Category Archives: Back Pain & Sciatica
This is one of a series of short articles in which I outline for you, how I approach a particular condition. People can come along with pain in any area of the back, but I shall write with a special emphasis on lower back pain, since it is the most common category.
View the British Acupuncture Council’s one minute video on lower back pain treatment.
The German state healthcare system, has provided acupuncture for back pain since 2006. In January 2013, medical research charity Arthritis Research UK, published a report looking at the evidence for the effectiveness and safety of twenty-five complementary therapies commonly used by people with musculoskeletal pain. Acupuncture scored highly for treating lower back pain. In 2015, a meta-analysis (1) comparing 21 different therapies for sciatica rated acupuncture as the second-best therapy in terms of pain intensity and overall effect. It was clearly superior to exercise therapy and radio frequency treatment.
The first differentiation I always make, is whether your pain is chronic or acute: chronic means you have had it for upwards of a few weeks, whilst acute means it only started in recent days. To give you an idea, I find patients presenting with chronic back pain, will typically have had it for six months or more. Those with acute back pain have most usually injured themselves in the past 48 hours, and can recall accurately how it happened.
Chronic pain always involves quite a bit of delving, and so in order to formulate a diagnosis, I am interested in answers to such questions as: when the problem began (eg pregnancy, a fall, gradual onset), its history (eg is the pain constant or episodic, has it changed over time, what treatments have you tried), the nature and location of the pain (eg dull ache, sharper stabs), any accompanying symptoms (eg early morning stiffness, difficulty putting on socks, pains down the legs / sciatica), any weather or seasonal variations (eg worse for cold/damp, better in summer), any relevant occupational factors (eg lots of sitting, driving, bending, lifting), and any aggravating factors (eg tiredness, stress, standing too long, gardening, DIY).
We will then go on to cover your health and wellbeing in a wider sense, to see whether there is anything else I might connect with your back pain, and I will examine your back and range of movement. I normally offer treatment for chronic back pain, weekly for a set period, after which we will review your progress. Lifestyle advice and exercises are likely to be an important component of your treatment.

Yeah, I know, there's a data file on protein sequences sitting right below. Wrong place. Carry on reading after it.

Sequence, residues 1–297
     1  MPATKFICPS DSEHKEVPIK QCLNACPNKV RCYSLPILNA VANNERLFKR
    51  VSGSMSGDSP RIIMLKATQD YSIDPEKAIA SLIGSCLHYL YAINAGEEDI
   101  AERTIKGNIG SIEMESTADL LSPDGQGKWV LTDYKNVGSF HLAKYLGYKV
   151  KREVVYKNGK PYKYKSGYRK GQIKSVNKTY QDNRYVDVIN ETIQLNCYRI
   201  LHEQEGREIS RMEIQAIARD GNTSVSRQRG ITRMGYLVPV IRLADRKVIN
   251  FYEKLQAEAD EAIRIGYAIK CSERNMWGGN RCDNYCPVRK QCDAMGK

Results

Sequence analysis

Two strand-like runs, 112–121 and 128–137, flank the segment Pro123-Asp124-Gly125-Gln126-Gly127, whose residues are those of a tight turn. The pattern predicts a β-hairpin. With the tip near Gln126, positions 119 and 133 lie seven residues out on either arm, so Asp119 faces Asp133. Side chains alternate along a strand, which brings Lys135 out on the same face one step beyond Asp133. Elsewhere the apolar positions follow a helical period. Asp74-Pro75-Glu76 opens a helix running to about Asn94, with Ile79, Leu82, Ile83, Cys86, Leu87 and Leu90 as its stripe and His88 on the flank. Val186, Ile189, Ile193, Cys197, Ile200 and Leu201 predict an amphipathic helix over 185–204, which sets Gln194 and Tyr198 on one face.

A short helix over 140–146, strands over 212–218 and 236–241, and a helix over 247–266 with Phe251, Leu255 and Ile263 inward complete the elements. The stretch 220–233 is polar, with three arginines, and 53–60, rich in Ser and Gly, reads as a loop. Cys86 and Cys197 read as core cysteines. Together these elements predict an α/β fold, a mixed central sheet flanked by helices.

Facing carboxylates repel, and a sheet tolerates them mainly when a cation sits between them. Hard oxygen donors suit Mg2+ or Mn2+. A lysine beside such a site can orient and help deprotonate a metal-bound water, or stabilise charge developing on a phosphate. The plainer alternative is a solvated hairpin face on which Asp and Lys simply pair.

Acute cases are usually simpler, and after establishing what has happened, I find up to three or four treatments in the first 10 to 14 days, can often be sufficient. If the injury, subsequent back examination or on-going occupational factors suggest it would be useful, then I might offer some follow-up treatment to reduce the likelihood of a recurrence.
Elsewhere on my website you will find more general information on what to expect from your first consultation, but I hope this has told you more about acupuncture for back pain and sciatica in particular. Below, you will find reports on some research conducted into back pain and acupuncture.
A systematic review by UK authors suggests that acupuncture represents a cost-effective and drug-free option for the treatment of lower back pain. Analysis of four studies showed that although acupuncture was associated with slightly increased costs, incremental cost-effectiveness ratios remained sufficiently low, and below the frequently used threshold value of £20 000 per quality-adjusted life year.
The National Institute for Health and Care Excellence (NICE) has selected this review for inclusion in NICE Evidence Search because it meets the definition of a reliable systematic review for this service.